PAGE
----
Financial crisis of 2008 was a landmark on the history of financial regulations. The collapse of large investment and commercial banks was an alarm for the banking sector. Since then every regulator turned their attention to find a solid structure for the financial sector. We’ve observed a rise in the financial regulations. Starting with Dodd Frank Reform and Volcker Rule in United States, Ring Fencing in United Kingdom and ongoing debates in European Union, there is a strong drift towards more regulated markets and financial institutions. And there is no predictable reason in the near future to change this direction.

Since the global financial crisis, regulators become even more anxious about the high leverage that banking sector employed. Regulatory pressure on bank lending and request for deleveraging is increasing since then.

In order to comply with regulations Banks had to change their models and reshape their balance sheets by reducing their risk weighted assets. Basel 3 is a game changer. RBS’s August 2013 report states that across Europe complying with Basel III rules will require banks to reduce assets by 3.2 trillion Euros.
Central Banks all over the world responded to the financial crisis by loosening the monetary policy. Since 2008, the biggest six central banks have spent 7.5 trillion US Dollars on quantitative easing programs. This increased the market liquidity and promoted lending.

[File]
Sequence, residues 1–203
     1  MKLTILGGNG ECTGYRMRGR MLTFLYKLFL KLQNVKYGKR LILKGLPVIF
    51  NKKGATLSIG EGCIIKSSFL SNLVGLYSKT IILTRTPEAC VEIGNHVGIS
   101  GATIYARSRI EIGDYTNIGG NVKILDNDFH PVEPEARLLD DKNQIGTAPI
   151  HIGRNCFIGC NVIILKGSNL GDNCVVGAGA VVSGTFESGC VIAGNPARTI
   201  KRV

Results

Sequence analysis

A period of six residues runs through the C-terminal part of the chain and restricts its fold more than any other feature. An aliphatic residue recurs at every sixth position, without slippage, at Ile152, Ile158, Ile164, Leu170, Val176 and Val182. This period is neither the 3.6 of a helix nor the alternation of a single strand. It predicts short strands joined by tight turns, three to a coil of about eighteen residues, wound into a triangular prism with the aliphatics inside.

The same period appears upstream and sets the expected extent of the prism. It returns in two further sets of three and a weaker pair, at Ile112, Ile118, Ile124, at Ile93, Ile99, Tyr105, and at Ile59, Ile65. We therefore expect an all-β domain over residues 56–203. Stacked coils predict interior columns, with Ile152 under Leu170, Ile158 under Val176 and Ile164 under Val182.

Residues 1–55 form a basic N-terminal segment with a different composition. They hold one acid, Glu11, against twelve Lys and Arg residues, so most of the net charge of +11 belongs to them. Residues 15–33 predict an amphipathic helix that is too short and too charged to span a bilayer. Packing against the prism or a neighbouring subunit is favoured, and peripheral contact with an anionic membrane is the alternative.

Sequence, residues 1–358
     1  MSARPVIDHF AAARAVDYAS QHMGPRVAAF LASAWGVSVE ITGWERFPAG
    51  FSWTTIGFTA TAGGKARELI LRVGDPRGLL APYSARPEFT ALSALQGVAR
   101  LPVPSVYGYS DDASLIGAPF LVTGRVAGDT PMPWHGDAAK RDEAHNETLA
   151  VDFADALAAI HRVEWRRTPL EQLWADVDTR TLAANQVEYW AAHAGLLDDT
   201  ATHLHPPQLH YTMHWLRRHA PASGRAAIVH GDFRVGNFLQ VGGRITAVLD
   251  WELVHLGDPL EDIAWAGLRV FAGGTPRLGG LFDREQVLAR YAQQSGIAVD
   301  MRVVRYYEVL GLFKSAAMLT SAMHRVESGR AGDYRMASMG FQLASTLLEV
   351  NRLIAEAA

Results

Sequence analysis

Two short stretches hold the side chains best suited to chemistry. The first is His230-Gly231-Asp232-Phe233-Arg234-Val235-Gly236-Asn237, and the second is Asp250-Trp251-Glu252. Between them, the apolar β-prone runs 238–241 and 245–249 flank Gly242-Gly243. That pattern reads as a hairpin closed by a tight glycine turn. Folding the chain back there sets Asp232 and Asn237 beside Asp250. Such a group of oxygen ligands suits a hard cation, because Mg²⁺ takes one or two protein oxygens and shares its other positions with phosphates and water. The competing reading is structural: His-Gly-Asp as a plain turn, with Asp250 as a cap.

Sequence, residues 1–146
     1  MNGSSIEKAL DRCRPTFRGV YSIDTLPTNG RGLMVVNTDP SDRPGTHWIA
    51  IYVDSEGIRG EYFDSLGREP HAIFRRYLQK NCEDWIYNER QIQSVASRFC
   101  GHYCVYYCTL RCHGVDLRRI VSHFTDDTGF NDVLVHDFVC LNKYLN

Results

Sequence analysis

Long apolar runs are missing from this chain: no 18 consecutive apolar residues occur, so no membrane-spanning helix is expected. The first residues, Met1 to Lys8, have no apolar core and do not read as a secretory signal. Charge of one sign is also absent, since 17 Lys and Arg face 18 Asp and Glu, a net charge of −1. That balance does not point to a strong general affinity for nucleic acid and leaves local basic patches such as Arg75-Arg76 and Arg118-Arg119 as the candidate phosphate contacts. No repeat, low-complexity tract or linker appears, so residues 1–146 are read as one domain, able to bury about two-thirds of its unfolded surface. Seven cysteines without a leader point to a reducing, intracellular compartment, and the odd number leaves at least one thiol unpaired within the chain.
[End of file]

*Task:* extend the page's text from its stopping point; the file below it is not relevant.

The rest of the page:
As expected, asset allocations also changed in post crisis era. Equity allocations fell and fixed-income allocations rose. (Mercer 2013 European Asset Allocation Survey)

All these developments cause an unprecedented rise in shadow baking. Traditional banks and non-bank lenders switched hats. The demand for borrowing satisfied more and more by non-bank lenders. A recent research from DC Advisory shows that LBO (leveraged buyout) deals including non-bank lenders has been increased from 17% in 2011 to 46% in 2013.

Some experts claim that shadow baking absorb some of the risks that traditional banks took and constitute a market friendly solution to the “too big to fail” problem. However cases like the fail and following bail out of Long Term Capital Management (LTCM) reinforce the skepticism towards these arguments. On the contrary one might argue that heavily reliance to shadow banking was one of the reasons that triggered the last global financial crisis.

In conclusion, massive quantitative easing kept interest rates all time low and substantially increased the demand for assets with yield. On the other hand new regulations restrained banks appetite for lending. Somebody had to fill the void. Therefore we have seen a boom in shadow banking. 

The effects of this process is still not clear but it is certain that the financial system is increasingly changing and our models can’t keep up the pace to explain the situation.

 References :

    February 26, 2014

    Basel 3: A Solution or A Challenge?

    Too put it simplistically, the capital structure of an enterprise is determined by preference for the level of debt versus equity. It depends on whether the enterprise is more risk-averse or rather risk loving. In the latter case, it would prefer a higher degree of debt. Of course, cost motives also play a role.